Mining adventures in parenting

It was my birthday today. Happy birthday to me! I’m officially 35 years old, and to be honest I never thought in a million years that I would be where I am today at This is a good thing, in case you were wondering. Overall, I am very blessed in my life. I have a family that I love, pets that adore me and the feeling is mutual! Both my parents are alive, in relatively good health considering they’re both in their seventiesstill happily married and more than willing to poke their noses repeatedly into my life.

I myself am in good health overall, am surrounded by good and supportive friends, and have a number of hobbies and activities that I find fulfilling in my life.

So, lots to be grateful for. I’ve decided that is going to be a big year for self-improvement. This is technically not a New Year’s Resolution, because I was already thinking about it in December, and I decided that rather than give myself an artificial start date and put off the self-improvement until January 1st, I was going to start right away.

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So that’s what I did. There is a lot about myself that I need to work on, but almost all of it boils down to chronic procrastination. Everyone procrastinates, of course. Anyone who says they never put off a single task they find aversive is either lying or deluding themselves. That being said, procrastinating once in a while is not the same as chronic procrastination. Procrastination, for me, has been a problem since my early teens, and at its worst it seriously affects not only my quality of life, but also the people around me who sometimes end up having to pay the cost of my having put things off.

What I noticed recently was that when I procrastinate, it’s usually in the context of a self-defeating spiral of anxiety. I get anxious, so I procrastinate, which then makes me anxious, and then I procrastinate more.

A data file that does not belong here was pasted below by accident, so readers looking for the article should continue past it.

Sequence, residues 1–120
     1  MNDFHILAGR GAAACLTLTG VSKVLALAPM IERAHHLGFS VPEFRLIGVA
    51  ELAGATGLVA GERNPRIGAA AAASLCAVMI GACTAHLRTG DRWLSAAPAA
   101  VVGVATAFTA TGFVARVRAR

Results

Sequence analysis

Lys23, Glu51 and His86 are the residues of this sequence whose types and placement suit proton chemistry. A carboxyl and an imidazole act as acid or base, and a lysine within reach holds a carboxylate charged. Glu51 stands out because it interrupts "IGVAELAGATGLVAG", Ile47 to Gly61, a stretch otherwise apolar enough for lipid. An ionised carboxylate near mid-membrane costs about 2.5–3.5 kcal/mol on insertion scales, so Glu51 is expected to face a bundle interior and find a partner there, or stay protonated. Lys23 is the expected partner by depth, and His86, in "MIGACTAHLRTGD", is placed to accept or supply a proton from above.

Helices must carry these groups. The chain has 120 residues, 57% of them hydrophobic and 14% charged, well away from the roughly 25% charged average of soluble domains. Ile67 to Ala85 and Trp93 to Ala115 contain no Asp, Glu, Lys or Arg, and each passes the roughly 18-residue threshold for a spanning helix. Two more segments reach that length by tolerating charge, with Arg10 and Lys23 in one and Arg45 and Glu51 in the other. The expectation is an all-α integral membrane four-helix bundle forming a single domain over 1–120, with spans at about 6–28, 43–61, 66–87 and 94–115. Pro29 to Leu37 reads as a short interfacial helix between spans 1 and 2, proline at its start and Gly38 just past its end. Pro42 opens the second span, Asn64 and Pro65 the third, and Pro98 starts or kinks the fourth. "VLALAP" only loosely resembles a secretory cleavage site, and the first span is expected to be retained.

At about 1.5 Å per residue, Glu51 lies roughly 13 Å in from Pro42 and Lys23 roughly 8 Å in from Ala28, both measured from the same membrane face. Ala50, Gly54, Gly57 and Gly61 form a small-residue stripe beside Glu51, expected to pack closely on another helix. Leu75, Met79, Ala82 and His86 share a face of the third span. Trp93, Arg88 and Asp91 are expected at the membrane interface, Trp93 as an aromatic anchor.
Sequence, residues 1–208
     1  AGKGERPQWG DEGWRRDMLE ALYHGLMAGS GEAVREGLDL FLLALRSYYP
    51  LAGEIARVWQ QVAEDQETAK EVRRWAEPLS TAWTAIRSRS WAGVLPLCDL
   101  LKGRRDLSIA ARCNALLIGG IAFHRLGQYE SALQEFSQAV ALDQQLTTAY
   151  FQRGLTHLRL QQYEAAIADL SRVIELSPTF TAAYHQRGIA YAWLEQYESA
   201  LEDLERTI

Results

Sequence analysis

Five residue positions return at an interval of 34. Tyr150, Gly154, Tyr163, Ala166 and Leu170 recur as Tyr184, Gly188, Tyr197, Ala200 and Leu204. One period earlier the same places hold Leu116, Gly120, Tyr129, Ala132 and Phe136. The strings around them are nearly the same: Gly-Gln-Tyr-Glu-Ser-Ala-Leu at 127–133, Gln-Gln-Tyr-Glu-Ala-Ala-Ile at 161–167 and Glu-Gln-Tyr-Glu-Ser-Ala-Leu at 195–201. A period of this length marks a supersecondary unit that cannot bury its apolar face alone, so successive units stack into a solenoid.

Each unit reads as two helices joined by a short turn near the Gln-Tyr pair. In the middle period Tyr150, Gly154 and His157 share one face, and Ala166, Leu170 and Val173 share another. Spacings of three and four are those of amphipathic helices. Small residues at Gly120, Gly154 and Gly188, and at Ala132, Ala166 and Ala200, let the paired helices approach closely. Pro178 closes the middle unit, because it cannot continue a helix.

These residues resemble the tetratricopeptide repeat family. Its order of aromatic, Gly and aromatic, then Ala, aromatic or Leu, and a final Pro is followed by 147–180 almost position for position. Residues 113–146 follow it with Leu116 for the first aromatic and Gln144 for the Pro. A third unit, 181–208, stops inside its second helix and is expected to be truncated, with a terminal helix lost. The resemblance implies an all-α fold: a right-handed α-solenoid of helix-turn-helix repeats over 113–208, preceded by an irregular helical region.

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It’s a form of short-term mood repair, but is ultimately very self-destructive. Furthermore, because I have an avoidant personality, I found that I was withdrawing more and more into myself as a result of the anxiety, and therefore not spending the kind of quality time with my family that I wanted. This was a big wake-up call for me. For the first time I have the family I always wanted, and I’m pulling away? This will not stand. I happen to find the website itself kind of klunky in its design, but thus far I love the podcast itself.

It’s just the right mix of theory academic and otherwise and practical applications thereof for me, and has already offered some very good insights into the phenomenon of procrastination.

The one thing that has stuck with me since I started listening a few days ago is the idea that the feelings of guilt that stem from procrastination are actually the result of living in a way that’s inauthentic to one’s true self.

This hit really close to home, and hard enough that it made me sit up a bit in the car where I was listening to the podcast and think that, yeah, that sounds exactly right.